Apple Bonds Lose 9% in Six Weeks

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Investors are nursing losses of up to 9 per cent on Apple's record-breaking $17 billion bond offering, less than six weeks after the securities landed in their portfolios.

The technology giant tapped the white-hot bond market for the largest debt fundraising to date on April 30, but a sharp turn in interest rates has caused a sell-off in corporate bonds and wiped hundreds of millions of dollars off the value of the offering.

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Apple sold $3 billion of bonds maturing in 2043, locking in a low interest rate of 3.9 per cent for the next 30 years, but the market price of these bonds had fallen to 90.36 per cent of face value in late trading on Monday, according to Trace data.

Investors in the offering paid 99.418 per cent of face value for the new bonds, but institutional and retail demand was so high that they traded as high as 101.97 in the secondary market.

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The debt sale was one of the most frenzied on Wall Street for many years and there were three times as many orders as there were bonds available. Issues by companies with high credit ratings have been among the hottest fixed-income investments because the interest they provide outstrips the meagre yield available on government securities.

However, recent comments by Federal Reserve officials have suggested that the US central bank could soon start to taper its purchases of government debt, thanks to an improving economy, and traders have reacted by sending interest rates on Treasuries sharply higher.

That has reduced the relative attractions of corporate bonds and sent their values sharply lower. Bonds with longer maturities have suffered the steepest falls, though even Apple's five-year and 10-year debt has declined in price. Its $5.5bn of 10-year bonds now have a market value below $5.2bn.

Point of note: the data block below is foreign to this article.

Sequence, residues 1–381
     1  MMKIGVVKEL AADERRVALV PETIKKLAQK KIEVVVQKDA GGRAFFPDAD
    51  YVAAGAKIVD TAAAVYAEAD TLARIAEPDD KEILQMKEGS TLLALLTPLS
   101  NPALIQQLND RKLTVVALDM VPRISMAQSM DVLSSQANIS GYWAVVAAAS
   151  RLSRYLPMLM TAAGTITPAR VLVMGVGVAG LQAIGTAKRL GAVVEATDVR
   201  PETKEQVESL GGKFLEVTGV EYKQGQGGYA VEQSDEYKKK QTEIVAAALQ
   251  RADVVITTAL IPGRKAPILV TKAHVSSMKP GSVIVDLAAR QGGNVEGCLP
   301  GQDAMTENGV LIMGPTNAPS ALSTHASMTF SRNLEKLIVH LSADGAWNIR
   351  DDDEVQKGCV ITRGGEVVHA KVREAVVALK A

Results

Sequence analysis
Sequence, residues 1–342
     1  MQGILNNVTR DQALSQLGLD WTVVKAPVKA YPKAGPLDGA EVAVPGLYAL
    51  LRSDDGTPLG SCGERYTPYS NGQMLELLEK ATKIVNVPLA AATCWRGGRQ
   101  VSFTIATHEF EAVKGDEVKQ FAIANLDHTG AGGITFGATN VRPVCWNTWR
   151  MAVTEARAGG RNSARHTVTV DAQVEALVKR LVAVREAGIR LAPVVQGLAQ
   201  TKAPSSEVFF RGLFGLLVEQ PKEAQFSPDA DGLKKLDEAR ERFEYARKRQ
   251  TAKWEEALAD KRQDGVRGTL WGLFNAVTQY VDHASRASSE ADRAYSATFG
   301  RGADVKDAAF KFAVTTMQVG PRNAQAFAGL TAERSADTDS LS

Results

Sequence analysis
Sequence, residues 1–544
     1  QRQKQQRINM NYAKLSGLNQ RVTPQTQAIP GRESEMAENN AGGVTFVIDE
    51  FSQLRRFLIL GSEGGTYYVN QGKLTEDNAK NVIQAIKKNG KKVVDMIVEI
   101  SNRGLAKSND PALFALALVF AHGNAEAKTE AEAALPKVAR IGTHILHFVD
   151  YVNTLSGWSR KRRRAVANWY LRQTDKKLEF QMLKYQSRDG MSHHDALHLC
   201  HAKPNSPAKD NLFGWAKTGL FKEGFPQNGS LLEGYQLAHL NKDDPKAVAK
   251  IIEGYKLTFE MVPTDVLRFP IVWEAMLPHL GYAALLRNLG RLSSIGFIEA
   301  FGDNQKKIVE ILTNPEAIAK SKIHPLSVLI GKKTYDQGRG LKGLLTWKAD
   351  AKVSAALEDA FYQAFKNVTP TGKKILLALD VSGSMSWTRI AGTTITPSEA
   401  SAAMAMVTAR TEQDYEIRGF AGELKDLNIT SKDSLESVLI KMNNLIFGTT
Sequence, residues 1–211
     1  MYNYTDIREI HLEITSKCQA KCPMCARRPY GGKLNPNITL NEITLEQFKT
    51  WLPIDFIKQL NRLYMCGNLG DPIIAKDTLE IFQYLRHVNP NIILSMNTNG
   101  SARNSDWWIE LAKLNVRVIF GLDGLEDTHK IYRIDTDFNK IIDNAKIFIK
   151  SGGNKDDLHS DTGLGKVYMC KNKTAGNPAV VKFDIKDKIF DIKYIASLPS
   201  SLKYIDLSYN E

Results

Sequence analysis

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The price declines are mirrored in other major global corporate bond issues from this spring, including those from Vodafone of the UK and Petrobras of Brazil.

Ashish Shah, head of global credit at AllianceBernstein, said the price moves in Apple were potentially temporary. "The most recent new issues tend to be the most dislocated in a sell-off as they are still quite liquid," he said.

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"Historically we have not had this level of retail investor participation in the market. When retail start losing money, they sell but institutional money is waiting to buy once the market has backed up to higher yields."

Apple said it would use the proceeds of its bond offering, its first since 1996, to help pay for the return of $100bn to shareholders over the next three years. Although the iPhone maker has $145bn of cash on its balance sheet, only $45bn is held in the US and repatriating foreign reserves would be costly due to tax implications.

Additional reporting by Michael Stothard in London and Vivianne Rodrigues in New York